Dr McDonald spent most of his working life with Queensland Newspapers Pty Ltd and Queensland Press Ltd.  He was a finance writer, investment advisor and stock broker and the Courier Mail's Finance Editor. He later went on to become Director and CEO of Queensland Newspapers Pty Ltd and Chairman of Queensland Press Ltd. He was also a Director of News Corporation Ltd.

Dr McDonald was a member of the Board of Governors of The University of Queensland Foundation and was Chair of the Editorial Board of the university’s Graduate Contact magazine. An alumnus of King’s College at UQ (1943-1944), Dr McDonald is a Fellow of the college and was a member of the College Council for more than 40 years. The college’s Keith McDonald Travelling Scholarship is named in his honour.

A leading businessman and community figure, Dr McDonald was appointed Officer of the Order of the British Empire in 1989 for service to the print media industry. In 1998 he was awarded an honorary Doctor of Philosophy by The University of Queensland for his service to business, the University and the community.

Dr Samuel Alan Rayner

Dr Rayner was born in Brisbane in 1921, and was educated at New Farm School and the Church of England Grammar School. Growing up in New Farm, Dr Rayner remembers well the Archibald family home, Glenugie, on Moray Street.

He completed his Bachelor of Arts degree at The University of Queensland as an evening student, and was awarded the Archibald Scholarship and the Thomas Morrow Prize in 1941. He went on to do an honours degree and gained his Master of Arts (History) in 1947.

Dr Rayner worked as a teacher at the Church of England Grammar School and Nambour Rural School.

Between 1943-1946 Dr Rayner served in the Australian Imperial Force as an infantry private and with the Army Psychology Service. On discharge from the Army, Dr Rayner was seconded by the Queensland Department of Public Instruction as a Research Assistant at the Australian Council for Educational Research (ACER) in Melbourne. He later became President of ACER (1973-1979).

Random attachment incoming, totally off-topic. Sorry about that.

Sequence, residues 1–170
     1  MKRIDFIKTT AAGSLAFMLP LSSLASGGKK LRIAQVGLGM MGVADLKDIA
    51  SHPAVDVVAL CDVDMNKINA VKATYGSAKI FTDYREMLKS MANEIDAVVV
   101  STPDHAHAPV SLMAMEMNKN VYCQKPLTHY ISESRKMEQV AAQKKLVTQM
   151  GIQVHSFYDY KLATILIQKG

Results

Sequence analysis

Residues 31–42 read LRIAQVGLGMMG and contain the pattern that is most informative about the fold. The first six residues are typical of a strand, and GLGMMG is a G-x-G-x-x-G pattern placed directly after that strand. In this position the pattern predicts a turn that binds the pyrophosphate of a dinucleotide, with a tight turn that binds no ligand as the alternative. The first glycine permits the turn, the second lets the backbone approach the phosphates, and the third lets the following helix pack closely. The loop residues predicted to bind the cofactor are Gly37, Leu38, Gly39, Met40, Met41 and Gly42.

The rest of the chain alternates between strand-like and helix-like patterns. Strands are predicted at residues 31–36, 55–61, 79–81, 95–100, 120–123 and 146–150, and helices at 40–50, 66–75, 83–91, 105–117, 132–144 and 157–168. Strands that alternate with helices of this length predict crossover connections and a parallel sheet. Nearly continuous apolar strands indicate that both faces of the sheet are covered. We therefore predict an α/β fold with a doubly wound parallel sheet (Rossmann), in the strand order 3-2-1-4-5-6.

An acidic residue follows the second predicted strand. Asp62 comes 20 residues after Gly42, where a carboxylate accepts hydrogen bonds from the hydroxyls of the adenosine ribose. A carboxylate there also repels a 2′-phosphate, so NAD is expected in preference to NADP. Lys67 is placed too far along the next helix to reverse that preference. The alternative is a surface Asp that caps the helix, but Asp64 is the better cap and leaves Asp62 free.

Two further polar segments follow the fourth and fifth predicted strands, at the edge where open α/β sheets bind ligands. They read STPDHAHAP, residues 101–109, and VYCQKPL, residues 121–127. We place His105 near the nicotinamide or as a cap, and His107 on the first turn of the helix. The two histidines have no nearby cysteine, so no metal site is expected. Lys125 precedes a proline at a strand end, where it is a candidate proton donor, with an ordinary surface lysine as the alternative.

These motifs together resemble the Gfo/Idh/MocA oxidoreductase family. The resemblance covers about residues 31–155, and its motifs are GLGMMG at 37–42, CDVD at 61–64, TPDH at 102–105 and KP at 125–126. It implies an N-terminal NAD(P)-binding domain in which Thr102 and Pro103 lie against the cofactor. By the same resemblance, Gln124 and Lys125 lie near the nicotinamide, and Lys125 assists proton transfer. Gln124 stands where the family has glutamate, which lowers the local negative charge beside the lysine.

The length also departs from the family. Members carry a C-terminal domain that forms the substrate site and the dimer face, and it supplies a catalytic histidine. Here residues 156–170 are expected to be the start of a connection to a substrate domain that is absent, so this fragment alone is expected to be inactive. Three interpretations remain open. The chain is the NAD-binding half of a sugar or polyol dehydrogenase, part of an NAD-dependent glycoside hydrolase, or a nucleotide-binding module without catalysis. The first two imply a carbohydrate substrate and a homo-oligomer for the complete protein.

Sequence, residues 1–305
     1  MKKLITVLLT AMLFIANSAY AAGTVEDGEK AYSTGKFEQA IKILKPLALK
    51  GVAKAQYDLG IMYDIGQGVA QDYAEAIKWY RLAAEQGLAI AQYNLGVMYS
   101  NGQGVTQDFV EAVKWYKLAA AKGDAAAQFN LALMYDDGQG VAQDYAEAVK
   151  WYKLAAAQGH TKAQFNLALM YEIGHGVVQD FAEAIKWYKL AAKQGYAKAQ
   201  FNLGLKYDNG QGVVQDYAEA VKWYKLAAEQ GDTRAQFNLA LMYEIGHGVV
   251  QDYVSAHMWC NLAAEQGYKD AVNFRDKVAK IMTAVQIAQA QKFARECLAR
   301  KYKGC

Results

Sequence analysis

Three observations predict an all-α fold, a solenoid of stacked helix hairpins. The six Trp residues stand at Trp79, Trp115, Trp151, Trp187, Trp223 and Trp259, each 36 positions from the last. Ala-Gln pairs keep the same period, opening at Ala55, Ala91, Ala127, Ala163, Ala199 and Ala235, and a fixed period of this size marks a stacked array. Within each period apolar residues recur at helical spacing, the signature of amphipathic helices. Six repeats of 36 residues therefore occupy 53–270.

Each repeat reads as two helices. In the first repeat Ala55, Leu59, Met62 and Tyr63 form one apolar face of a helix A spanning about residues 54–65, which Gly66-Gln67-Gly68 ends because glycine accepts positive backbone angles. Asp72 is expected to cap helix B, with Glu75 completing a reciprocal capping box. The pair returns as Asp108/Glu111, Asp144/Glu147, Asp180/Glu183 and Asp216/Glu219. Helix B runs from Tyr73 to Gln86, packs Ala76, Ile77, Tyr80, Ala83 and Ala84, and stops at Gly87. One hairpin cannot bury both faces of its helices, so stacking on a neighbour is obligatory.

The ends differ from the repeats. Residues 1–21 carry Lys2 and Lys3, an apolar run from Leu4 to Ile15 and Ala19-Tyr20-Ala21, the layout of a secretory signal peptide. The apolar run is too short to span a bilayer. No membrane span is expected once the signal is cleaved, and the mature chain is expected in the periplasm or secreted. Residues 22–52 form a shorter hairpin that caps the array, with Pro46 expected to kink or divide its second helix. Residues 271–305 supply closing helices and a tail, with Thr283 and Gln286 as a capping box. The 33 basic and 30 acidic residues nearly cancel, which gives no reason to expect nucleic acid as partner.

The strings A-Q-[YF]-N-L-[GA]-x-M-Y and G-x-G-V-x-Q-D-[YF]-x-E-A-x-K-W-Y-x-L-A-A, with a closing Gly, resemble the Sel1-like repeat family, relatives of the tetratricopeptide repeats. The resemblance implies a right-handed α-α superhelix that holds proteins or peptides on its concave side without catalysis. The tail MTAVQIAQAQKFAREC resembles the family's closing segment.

Dr Rayner completed his Bachelor of Education (Hons) and Master of Education at The University of Melbourne, with both his theses winning the Cohen Prize. A doctorate in Education from the University of Illinois followed, made possible by a Fulbright Scholarship.

Dr. Rayner was appointed Assistant Registrar (Academic) at The University of Queensland in 1958 and Deputy Registrar in 1961. He was appointed Registrar in 1970.  Dr Rayner’s dedication to the efficient administration of the university saw him spearhead many changes at UQ over the years. His extensive work in the collection and analysis of statistical data for the university influenced the review and development of national statistics on education.

During his years at UQ, Dr Rayner worked closely with several Vice-Chancellors including JD Story, Professors Sir Fred Schonell, Sir Zelman Cowen and Brian Wilson AO.

After a lifetime’s work in education and university administration, Dr Rayner retired in 1986 but remained as a consultant until 1994. He is the author several books and journal articles on education.

Rayner, Samuel Alan. “Reminiscences of a Registrar of The University of Queensland 1958-1986.” Unpublished, 1998.
Who's Who in Australia. 2010.